Tidbits and Blessings Blog
by Jeanie Malone
I’d love for you to join the conversation. Please share your thoughts in the comments section under each entry.
The blessings I cherish most are those challenges that transform me and move me closer to God. A challenge is an opportunity for us to exercise our faith in God and to trust His love for us and others.
A challenge is a call to train for bigger things. If we don’t show up for training, we’ll never get stronger, and we’ll not be equipped to handle what comes next in life.
Let’s look at Elijah in 1 Kings 17-19. He trusted God when he prophesied there would be a drought and famine. God told him to run for his life after he prophesied the hard times ahead.
Elijah obeyed, and God honored his trust and obedience by taking care of Elijah through birds and a poor widow preparing to die.
Would you tell a powerful leader something so terrible that it jeopardized your life? Would you then trust God for protection to hide out for over three years in a ravine and trust His provision all that time? Elijah did so, and God had ravens bring him bread and meat, and he had water from the brook in the ravine until it dried up.
After the brook dried up, God instructed Elijah to go to a poor widow in Zaraphath. At the same time, this widow was preparing for herself and her young son to eat their last meal. With the drought and famine causing there to be no more food to be found, she was preparing to bake their last small cake.
But then Elijah came and instructed her to bake one for him first and then for herself and her son. Elijah may not have fully understood, but he had lived solely off the Lord’s divine provision for the past three years and trusted what God told him to do.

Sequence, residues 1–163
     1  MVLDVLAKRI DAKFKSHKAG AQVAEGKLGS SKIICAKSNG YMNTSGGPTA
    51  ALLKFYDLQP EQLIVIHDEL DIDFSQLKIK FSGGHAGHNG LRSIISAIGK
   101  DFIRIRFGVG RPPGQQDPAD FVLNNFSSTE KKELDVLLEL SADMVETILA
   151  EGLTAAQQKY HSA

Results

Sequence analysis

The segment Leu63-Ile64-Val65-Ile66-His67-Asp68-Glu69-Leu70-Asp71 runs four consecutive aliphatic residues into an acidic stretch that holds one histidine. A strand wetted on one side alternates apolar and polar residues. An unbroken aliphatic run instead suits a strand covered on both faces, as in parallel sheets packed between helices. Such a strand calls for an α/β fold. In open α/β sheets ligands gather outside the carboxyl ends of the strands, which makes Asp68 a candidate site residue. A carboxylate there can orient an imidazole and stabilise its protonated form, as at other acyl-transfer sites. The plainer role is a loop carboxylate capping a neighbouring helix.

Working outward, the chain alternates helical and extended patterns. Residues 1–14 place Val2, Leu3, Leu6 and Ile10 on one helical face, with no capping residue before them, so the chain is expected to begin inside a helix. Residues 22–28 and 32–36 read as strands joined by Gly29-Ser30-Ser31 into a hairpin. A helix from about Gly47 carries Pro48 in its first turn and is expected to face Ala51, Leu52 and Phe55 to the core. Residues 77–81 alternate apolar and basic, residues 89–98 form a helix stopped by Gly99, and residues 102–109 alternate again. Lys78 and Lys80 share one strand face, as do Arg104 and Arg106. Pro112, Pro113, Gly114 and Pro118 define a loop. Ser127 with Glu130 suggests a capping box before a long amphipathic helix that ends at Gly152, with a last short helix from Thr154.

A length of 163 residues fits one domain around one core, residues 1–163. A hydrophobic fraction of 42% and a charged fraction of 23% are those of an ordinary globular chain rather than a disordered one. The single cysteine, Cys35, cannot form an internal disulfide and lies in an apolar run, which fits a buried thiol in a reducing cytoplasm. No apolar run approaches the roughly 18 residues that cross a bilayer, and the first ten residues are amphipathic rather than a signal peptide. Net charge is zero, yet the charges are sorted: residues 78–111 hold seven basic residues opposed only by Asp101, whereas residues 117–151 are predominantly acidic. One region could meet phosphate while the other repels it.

Would you use the last of your meal and oil for a stranger, trusting God for what came next? What if this widow had not obeyed? We see that God made her barrel of meal and crux of oil to be enough each day until the end of the famine and drought.
But neither Elijah nor the widow had a promise from God what would happen as a result of their obedience. They just knew to trust and obey the one, true God and leave the consequences to Him. They willingly placed their lives in His hands.
Often after we do something in faith, we soon experience a life-shattering event that Satan wants to use to shake our faith in and allegiance to God. The widow’s son fell ill and died. She was a basket case of emotions and was bitter toward Elijah and God, though God had preserved their lives for a long while after she thought they both would die.
Elijah took the boy and prayed over him three times, and God restored his life.
After this, Elijah met Obadiah, the governor of King Ahab’s house. Obadiah was scouting the land to find grass and water to keep livestock alive. Elijah requested Obadiah to go tell King Ahab he was there. Though Obadiah thought this was nuts, he finally agreed, and King Ahab met with Elijah.
Then we see the well-known account of God showing up and showing out to make it known that He is the only true God, that Baal was not alive, did not hear, and could not answer those who called on him.
After God brought fire to prove Himself to all watching Israelites and Elijah slayed all 450 prophets of Baal, God sent rain. Elijah prayed hard for the rain and went ahead and sent word to King Ahab that rain was coming, even when there was only a tiny cloud seen above the sea. Elijah had faith God would deliver. He had depended on God in the past and knew God would not fail.
We read in 1 Kings 18:46 that God’s hand was on Elijah. Elijah didn’t get to stop and rest in comfort after God sent the rain. Elijah ran ahead of King Ahab and saw that Jezebel threatened his life.